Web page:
They basically said fibre is best as the glucose will break down slower. So eating a full jacket potato including the skin is better than eating mash as this has been broken down with butter and milk and the skin (fibre) removed. They did mention that diabetics can stick to a normal diet but it is better eating mainly from the green group such as veg and citrus fruit so just what people without diabetes are told to eat. Chips and things are bad because of the oils used to fry them even sunflower oil and coconut oil was in the red group. And with carbs they said it was best to go with small portions. Sorry gone on a bit there but it was really useful. They gave me a booklet I can take pictures of if that will be good to look at :)
     
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  8. Brunneria

    Brunneria Other · Moderator
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    Hi and welcome!

    I’m glad you have a finger pricker.
    I suggest you use it to find out what all those dietary recommendations do to your blood glucose.

    My self testing taught me that chips and well buttered mash do not raise my blood glucose nearly as much as a jacket potato, and that all potato needs to be in tiny portions (so small it is not worth eating) to avoid raising my blood glucose to very high levels.
    Same for bread, rice, pasta and breakfast cereals and porridge.
    Much easier (for me) to just give them up completely rather than have a single mouthful and then feel deprived.
    It is amazing how informative a finger pricker can be!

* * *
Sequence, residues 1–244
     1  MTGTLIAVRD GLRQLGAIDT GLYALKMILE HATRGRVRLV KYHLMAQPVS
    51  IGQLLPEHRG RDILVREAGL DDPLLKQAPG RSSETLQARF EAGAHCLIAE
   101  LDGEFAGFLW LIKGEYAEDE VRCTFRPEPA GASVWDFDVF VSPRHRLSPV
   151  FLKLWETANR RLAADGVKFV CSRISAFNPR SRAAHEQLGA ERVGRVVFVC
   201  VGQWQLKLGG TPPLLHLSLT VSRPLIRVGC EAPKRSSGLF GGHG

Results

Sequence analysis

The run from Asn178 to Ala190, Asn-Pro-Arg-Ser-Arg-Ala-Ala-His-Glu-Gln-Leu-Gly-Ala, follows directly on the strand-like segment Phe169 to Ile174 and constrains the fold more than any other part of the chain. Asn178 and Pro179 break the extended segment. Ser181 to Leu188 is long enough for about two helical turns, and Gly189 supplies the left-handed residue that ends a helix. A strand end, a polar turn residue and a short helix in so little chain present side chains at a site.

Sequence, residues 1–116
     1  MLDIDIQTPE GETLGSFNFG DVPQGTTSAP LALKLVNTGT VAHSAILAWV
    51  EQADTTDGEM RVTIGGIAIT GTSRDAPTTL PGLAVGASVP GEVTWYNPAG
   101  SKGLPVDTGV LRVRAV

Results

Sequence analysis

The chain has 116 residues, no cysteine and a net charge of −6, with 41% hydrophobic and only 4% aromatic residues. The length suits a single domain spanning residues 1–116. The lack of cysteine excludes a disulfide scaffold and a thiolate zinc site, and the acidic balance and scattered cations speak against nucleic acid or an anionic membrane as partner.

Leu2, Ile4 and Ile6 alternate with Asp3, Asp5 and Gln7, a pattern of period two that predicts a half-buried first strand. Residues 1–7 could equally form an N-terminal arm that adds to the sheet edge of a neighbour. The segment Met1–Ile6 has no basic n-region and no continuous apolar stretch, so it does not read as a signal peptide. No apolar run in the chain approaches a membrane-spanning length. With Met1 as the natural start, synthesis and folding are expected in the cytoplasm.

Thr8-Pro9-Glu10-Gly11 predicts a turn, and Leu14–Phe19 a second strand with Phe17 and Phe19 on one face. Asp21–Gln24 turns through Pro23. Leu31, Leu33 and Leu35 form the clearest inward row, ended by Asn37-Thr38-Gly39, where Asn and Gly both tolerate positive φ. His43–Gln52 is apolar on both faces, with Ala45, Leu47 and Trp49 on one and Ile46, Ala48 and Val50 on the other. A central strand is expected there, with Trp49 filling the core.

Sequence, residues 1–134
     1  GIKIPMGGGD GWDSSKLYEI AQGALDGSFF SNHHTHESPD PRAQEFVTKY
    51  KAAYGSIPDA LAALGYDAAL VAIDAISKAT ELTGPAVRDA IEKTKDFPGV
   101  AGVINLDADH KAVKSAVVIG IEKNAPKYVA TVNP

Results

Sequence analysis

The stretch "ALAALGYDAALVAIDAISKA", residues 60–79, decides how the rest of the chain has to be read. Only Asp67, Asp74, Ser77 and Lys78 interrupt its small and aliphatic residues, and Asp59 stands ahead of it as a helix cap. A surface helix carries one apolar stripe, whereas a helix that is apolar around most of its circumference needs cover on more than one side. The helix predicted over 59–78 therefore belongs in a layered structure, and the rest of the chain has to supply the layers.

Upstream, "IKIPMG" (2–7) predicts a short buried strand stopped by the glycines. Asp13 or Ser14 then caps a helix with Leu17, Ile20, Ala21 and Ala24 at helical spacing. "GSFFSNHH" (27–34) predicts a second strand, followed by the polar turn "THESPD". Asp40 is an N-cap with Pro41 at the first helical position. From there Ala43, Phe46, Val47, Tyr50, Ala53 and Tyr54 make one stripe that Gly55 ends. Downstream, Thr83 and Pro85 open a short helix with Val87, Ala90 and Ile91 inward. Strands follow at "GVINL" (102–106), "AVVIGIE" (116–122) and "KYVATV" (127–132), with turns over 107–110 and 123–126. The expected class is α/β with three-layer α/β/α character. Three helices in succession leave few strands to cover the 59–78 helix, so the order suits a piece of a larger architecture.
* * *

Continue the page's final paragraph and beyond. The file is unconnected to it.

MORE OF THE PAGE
As for eating fat, yes, butter is MUCH better than plant oils. :D
     
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  9. xfieldok

    xfieldok Type 2 · Well-Known Member

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    I will just come out and say it. Aaaarrrggggghhhhh. Seriously, we tend to warn people who are going to attend the Desmond Course to be wary of the dietary information. The word is spreading slowly but carbohydrates are not your friend. They all will affect your glucose levels. Please do some reading around the forum. Most of us follow LCHF with a few carnivores, vegans, vegetarians thrown in.

    Just out of interest, do you know what your HBA1C number was at diagnosis. Do you have any weight to lose?

    You will get loads of support on this site.

    Welcome to the forum.
     
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  10. HSSS

    HSSS Type 2 (in remission!) · Well-Known Member

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    I was afraid of that. It’s outdated. It’s quite possibly better than doing nothing at all about your diet but is only a fraction of what you can achieve by diet.

    As suggested above (and quite possibly wrongly told is not necessary) a blood glucose meter is your new best friend. Too many medical staff think it’s only useful with insulin. It can also teach you what foods are good for you and which aren’t by testing before and after eating. Being on glicazide you should have a meter and strips. It’s a legal necessity if you drive!